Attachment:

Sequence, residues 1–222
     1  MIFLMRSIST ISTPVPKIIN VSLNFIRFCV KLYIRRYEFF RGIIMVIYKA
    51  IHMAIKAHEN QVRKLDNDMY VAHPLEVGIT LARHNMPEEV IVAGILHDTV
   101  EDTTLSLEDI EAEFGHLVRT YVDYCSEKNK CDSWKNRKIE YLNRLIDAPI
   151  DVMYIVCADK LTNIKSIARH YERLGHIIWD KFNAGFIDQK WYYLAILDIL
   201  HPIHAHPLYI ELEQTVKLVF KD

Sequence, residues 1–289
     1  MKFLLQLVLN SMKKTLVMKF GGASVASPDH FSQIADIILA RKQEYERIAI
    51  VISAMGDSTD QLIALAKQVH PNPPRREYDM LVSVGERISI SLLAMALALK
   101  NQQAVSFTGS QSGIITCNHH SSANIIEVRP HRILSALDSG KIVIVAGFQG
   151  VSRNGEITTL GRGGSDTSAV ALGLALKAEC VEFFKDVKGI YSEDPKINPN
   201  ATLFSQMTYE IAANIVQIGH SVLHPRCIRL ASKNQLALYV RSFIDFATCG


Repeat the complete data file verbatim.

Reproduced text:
Sequence, residues 1–222
     1  MIFLMRSIST ISTPVPKIIN VSLNFIRFCV KLYIRRYEFF RGIIMVIYKA
    51  IHMAIKAHEN QVRKLDNDMY VAHPLEVGIT LARHNMPEEV IVAGILHDTV
   101  EDTTLSLEDI EAEFGHLVRT YVDYCSEKNK CDSWKNRKIE YLNRLIDAPI
   151  DVMYIVCADK LTNIKSIARH YERLGHIIWD KFNAGFIDQK WYYLAILDIL
   201  HPIHAHPLYI ELEQTVKLVF KD

Sequence, residues 1–289
     1  MKFLLQLVLN SMKKTLVMKF GGASVASPDH FSQIADIILA RKQEYERIAI
    51  VISAMGDSTD QLIALAKQVH PNPPRREYDM LVSVGERISI SLLAMALALK
   101  NQQAVSFTGS QSGIITCNHH SSANIIEVRP HRILSALDSG KIVIVAGFQG
   151  VSRNGEITTL GRGGSDTSAV ALGLALKAEC VEFFKDVKGI YSEDPKINPN
   201  ATLFSQMTYE IAANIVQIGH SVLHPRCIRL ASKNQLALYV RSFIDFATCG